Miami Marlins: The pain of a shorter season in 2020

The reality of the 60-game season is the Miami Marlins don’t have a lot of margin for error in their quest to make the playoffs in 2020.

Following the Miami Marlins 7-1 loss to the Philadelphia Phillies on Saturday, I did something that might be viewed as an overreaction.

I panicked.

Yes, I know it’s only the second game of the season, and I know that the Marlins are playing .500 baseball, but my initial reaction was there are only 58 games left in 2030. After a season opener when they created so much emotion and had fans and media alike believing this could be a special season, part of the wind was taken out of the sails just that quickly.

That’s what an abbreviated season will do. There is still plenty of high hopes for the Miami Marlins this year as they have as good a chance as anybody of making the playoffs, especially since the field has been expanded to 16 teams.

What I’m worried about is a fan, not somebody who covers the team for Marlin Maniac, is that with each game am I going to be this emotional because this is my team? Caleb Smith had a rocky start, and the emergence of both Nick Neidert and Alex Vesia wasn’t what we’re expected.

“Smith labored through three innings, allowing just a Didi Gregorius homer, but he matched a career-high with six walks, which also happened to be against the Phillies at Citizens Bank Park on April 5, 2018,” wrote Joe Frisaro of MLB.com.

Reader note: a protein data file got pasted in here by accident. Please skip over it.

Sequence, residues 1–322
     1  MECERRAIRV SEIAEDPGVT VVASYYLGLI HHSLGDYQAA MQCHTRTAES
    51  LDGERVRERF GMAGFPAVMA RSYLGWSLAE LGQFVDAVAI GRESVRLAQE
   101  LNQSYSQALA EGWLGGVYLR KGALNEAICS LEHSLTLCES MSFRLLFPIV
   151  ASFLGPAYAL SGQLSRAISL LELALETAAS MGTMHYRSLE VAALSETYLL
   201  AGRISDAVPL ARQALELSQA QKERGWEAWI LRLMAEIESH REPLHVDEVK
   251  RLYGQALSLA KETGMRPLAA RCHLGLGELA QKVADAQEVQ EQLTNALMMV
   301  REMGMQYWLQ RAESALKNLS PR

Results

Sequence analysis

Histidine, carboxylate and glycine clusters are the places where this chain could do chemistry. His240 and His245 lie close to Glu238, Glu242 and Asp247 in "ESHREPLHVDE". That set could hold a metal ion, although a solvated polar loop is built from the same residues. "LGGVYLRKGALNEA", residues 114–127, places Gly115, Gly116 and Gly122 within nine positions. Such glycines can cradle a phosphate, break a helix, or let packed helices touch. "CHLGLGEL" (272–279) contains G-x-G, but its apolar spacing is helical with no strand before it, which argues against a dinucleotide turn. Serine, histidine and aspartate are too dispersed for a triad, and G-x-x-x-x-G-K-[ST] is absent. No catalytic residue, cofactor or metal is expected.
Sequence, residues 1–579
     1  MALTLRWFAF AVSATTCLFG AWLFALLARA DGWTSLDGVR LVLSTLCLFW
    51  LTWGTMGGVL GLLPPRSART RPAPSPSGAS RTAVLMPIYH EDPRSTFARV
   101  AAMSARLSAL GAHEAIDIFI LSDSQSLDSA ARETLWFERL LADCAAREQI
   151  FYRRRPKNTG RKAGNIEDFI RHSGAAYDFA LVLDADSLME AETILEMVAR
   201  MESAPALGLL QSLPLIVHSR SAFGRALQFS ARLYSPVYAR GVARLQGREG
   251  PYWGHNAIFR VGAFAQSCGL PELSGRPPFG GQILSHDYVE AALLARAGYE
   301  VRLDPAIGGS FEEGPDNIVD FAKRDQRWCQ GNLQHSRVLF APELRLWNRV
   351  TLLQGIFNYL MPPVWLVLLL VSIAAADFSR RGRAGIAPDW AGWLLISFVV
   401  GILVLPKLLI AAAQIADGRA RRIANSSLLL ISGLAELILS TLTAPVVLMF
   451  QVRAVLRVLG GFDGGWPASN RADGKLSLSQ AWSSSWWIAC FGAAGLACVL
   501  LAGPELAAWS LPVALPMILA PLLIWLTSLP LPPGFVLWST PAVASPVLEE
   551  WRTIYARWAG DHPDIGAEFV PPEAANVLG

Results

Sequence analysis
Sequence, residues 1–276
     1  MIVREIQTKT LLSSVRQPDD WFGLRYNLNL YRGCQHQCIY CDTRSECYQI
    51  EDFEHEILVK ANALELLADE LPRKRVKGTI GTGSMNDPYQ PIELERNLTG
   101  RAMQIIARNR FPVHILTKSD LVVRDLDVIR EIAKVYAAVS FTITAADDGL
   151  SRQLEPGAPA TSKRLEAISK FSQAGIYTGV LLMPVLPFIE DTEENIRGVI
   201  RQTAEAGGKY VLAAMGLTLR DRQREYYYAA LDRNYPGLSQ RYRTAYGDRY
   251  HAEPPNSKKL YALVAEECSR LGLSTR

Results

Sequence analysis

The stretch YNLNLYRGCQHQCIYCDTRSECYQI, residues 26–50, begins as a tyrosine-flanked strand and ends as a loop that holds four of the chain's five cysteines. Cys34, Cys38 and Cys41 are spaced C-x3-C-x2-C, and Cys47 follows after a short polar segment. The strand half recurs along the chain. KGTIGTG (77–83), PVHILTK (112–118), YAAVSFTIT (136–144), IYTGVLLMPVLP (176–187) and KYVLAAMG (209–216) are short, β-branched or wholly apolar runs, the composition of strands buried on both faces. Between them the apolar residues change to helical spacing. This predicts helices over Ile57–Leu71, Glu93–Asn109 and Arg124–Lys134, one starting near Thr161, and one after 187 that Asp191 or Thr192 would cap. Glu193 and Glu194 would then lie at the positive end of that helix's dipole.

This is a ball club that has plenty of work to do. so do the other 29 teams in MLB. With a shortened season, winning becomes more paramount. If this were 162 games, I wouldn’t feel the way I feel while writing this.

This is a young team. The blueprint is still developing, and while the front office believes this team can win this year with everything that’s going on, I still believe a playoff berth is plausible.

The Phillies hit four home runs and were walked nine times during the game on Saturday – something a young pitching staff must get a handle on if they are planning to move forward.

“It seems like the walks were the theme for setting us up for trouble all day,” Marlins manager Don Mattingly said after the game. “It could have been a lot worse, honestly. You walk nine guys in this ballpark, and it could have been a lot worse.”

But the damage was done and Vesia wound up with the loss.

Next: Sandy Alcantara proves he is the Marlins ace

 

Load Comments